Powered By Blogger

Tuesday 25 August 2015



I came across this idea on Pinterest, it's a great example to begin shading and where light hits an object. 
You could develop this by drawing still life with light reflecting on one side- a bright winter's morning, or a safer bet in Ireland- a lamp!

Paint &Colour

Wax resist

Wax resist is such a handy lesson. I recommend using cheap, waxy crayons. Candles work really well too. Mix the paint with lots of water to ensure the wax resist is obvious.

Tones of Blue

Create tones of blue with white and black paint mixed with the blue.

This is another example of a painting found online, it's a brilliant extension to the tones of blue lesson.

Painting on Ice


This lesson is always referenced on early education/ preschool pages- but it's a great discovery learning lesson for primary school age also. A child in my first class tried to bring a snowball in to school in his pocket "for later"- this ended up being a great lesson in ice and melting!

There are two ways to approach this:
1. Freeze a mixture of paint and water in ice cube trays. Allow the children to paint with.
2. Freeze a larger volume of water (in a butter tub) and allow the children to paint on it. 

Splat Painting

A snowy background can be created in Jackson Pollock style! See previous posts for examples of how to explore;

http://clairesprimaryschoolart.blogspot.ie/2015/08/primary-colours.htmlChalk Drawings- dip the chalk in paint for some creative exploration!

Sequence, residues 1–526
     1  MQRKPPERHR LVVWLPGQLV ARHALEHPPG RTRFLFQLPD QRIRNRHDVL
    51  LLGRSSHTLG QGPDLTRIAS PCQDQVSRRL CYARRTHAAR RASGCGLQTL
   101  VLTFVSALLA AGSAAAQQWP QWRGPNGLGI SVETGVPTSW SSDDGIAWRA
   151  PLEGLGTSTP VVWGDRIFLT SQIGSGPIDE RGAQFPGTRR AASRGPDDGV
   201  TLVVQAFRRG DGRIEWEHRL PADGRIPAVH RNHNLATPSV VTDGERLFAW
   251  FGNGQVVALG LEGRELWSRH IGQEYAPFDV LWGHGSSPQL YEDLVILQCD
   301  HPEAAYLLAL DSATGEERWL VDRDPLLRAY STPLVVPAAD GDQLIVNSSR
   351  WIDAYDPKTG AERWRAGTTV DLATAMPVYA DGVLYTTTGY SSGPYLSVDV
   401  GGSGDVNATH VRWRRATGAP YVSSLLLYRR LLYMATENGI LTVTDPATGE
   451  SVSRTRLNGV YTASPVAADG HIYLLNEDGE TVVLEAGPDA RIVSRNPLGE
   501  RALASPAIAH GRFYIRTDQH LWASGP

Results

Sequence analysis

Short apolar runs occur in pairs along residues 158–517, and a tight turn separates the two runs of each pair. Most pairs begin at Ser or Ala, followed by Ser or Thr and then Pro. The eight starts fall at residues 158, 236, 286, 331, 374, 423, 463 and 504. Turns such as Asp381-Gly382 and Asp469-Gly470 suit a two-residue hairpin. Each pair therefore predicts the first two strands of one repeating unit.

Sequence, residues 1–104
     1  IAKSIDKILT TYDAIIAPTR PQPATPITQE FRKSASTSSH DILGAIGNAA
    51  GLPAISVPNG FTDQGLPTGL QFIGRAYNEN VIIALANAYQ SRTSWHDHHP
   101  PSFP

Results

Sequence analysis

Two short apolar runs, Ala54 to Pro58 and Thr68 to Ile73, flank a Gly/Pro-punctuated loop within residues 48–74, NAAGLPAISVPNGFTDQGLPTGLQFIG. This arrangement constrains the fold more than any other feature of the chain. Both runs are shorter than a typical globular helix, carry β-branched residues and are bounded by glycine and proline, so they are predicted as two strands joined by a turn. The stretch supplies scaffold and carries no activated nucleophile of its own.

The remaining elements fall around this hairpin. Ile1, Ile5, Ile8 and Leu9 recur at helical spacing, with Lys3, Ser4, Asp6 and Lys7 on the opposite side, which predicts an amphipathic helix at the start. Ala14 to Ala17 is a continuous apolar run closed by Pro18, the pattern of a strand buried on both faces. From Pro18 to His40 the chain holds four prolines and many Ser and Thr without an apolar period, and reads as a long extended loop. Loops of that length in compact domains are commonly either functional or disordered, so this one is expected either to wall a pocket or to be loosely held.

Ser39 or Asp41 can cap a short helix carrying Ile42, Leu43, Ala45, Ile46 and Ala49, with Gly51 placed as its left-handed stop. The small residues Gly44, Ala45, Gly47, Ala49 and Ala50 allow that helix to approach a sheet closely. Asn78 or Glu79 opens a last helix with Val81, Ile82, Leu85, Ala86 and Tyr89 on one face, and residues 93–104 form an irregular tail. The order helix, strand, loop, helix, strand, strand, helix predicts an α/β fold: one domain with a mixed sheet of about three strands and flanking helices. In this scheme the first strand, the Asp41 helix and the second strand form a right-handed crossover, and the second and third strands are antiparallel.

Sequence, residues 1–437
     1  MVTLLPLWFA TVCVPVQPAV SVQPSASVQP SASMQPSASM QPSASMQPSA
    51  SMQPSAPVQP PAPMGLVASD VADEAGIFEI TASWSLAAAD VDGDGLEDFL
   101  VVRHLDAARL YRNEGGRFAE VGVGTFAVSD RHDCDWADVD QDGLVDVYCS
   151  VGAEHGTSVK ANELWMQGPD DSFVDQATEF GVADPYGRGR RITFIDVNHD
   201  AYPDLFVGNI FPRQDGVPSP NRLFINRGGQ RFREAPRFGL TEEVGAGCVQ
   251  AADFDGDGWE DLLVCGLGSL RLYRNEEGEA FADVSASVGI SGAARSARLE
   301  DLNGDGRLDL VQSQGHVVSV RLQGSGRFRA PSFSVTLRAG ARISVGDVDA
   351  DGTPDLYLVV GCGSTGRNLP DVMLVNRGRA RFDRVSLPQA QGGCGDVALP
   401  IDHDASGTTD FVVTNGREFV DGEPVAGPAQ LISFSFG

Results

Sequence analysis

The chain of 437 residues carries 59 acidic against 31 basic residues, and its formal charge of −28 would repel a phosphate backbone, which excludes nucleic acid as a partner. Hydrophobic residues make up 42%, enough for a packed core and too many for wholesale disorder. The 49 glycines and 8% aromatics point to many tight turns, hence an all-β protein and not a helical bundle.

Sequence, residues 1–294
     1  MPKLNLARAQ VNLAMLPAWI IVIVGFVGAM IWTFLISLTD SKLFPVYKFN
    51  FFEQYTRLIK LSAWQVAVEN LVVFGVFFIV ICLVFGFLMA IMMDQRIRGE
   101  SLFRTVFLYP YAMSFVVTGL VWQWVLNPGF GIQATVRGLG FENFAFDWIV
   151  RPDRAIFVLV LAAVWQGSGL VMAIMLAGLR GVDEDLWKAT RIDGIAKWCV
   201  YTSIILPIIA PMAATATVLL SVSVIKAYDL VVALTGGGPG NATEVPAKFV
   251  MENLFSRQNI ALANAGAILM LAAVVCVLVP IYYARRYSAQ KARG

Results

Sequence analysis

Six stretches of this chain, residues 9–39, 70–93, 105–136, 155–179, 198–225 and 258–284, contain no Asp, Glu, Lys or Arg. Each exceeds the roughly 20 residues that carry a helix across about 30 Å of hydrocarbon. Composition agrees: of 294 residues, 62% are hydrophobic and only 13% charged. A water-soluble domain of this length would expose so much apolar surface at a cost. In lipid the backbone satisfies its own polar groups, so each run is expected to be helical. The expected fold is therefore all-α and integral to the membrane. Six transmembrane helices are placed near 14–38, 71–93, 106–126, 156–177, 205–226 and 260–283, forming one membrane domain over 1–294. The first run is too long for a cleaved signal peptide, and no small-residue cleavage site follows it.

Negative space picture

I love the creativity in this!

Mix glue and shaving foam. It will dry as a 3-D foam. Very effective!


Penguins and snowmen are easily created from clay. Ensure to use scour and add a drop of water when sticking the snowmen together/adding beaks and noses!

Fabric & Fibre

Polar Bears are easily created from cotton wool. Tin foil works really well as a reflective background.

I came across this fantastic snowman online- and an eco friendly lesson too ;) 


Penguins and Snowmen

Another take on this is to stick the cotton wool on the outside to create fluffy snowmen.

Why not give the bottles and black and orange paper to the children and see what they create?! 


Fold and cut paper to create individual snowflakes.

Explore the true story of Wilson 'Snowflake' Bently, a photographer of snowflakes.

An easier method of constructing a snowflake for younger years.

Snowflakes with lollipop sticks.

Snow Globes



Using natural resources to print snowflakes

Experiment with different textures to create print effects. 

Winter books to respond to:


"The Snowman"

No comments:

Post a Comment